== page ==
False memories have been defined as "either remembering events that never happened, or remembering them quite differently from the way they happened (Park, 2012). This topic opens many doors for research and raises questions about the reliability and susceptibility of people’s memory. Memory is the mental faculty of retaining and recalling past experiences. A repressed memory is one that is retained in the subconscious mind, where one is not aware of it but where it can still affect both conscious thoughts and behaviour. When memory is misleading or confabulated, the result can be what has been called the False Memory Syndrome (Stephanie D. Block, 2012) a condition in which a person's identity and interpersonal relationships are entered around a memory of traumatic experience which is objectively false but in which the person strongly believes (note that the syndrome is not characterized by false memories as such). We all have memories that are inaccurate. Rather, the syndrome may be diagnosed when the memory is so deeply ingrained that it orients the individual's entire personality and lifestyle, in turn disrupting all sorts of other adaptive behaviour. The thing we call ‘memory’ is by no means a perfect record of the things we experience in our daily lives. There are many situations in which our memories of events or experiences do not match the reality of those events or experiences. This essay will describe and discuss empirical research that demonstrates the imperfect records of events and experiences that are our memories.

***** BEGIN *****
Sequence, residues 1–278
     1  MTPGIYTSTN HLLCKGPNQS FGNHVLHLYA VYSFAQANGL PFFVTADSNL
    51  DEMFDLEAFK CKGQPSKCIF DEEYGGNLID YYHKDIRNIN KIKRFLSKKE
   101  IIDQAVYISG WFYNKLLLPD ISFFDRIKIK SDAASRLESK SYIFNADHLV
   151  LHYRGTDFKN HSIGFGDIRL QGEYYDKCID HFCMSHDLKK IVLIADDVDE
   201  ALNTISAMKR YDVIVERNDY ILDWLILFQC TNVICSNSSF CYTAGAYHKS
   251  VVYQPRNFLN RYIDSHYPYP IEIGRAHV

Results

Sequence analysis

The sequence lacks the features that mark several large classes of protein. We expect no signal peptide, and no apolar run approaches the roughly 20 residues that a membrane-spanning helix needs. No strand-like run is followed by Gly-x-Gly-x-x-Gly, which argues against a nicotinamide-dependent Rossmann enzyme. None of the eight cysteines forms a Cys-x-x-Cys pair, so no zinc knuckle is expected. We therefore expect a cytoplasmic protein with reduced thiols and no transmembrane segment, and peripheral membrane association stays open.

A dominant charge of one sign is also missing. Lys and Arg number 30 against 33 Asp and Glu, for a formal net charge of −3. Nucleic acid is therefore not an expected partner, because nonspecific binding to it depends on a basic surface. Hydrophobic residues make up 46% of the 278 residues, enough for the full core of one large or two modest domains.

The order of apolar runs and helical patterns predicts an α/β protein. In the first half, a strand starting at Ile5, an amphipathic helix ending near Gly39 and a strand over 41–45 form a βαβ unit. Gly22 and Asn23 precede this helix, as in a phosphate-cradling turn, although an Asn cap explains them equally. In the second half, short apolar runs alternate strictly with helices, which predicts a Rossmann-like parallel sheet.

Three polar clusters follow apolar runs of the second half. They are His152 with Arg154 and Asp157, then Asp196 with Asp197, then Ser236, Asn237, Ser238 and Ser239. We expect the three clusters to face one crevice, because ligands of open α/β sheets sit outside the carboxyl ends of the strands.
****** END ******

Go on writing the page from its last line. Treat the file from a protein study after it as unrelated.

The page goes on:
(Jutta Joormann, 2009) Argues that through diffusion activation, which is during encoding of a list individuals tend to recall items that are related to the list rather than those present. (Jutta Joormann, 2009) Also states that false memories show insufficiency of memory when initial stimulation is stronger, the higher the likelihood of false recall. (Jutta Joormann, 2009) Shows the flaws our memories possess demonstrating the...
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